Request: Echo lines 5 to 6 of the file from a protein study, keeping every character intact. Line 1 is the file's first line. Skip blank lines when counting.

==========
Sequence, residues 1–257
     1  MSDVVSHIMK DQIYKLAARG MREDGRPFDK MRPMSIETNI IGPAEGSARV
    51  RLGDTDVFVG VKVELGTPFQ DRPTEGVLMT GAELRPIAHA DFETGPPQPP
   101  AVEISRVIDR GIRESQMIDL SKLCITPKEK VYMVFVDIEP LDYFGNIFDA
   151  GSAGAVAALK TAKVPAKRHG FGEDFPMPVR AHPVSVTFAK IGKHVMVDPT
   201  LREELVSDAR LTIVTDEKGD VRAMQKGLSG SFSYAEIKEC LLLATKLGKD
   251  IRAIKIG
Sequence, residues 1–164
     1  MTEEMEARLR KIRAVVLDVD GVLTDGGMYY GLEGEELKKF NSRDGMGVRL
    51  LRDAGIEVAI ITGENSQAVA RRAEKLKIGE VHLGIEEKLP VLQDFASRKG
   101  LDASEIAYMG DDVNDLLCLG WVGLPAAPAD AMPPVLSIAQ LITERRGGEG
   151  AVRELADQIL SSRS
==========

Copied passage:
   151  GSAGAVAALK TAKVPAKRHG FGEDFPMPVR AHPVSVTFAK IGKHVMVDPT
   201  LREELVSDAR LTIVTDEKGD VRAMQKGLSG SFSYAEIKEC LLLATKLGKD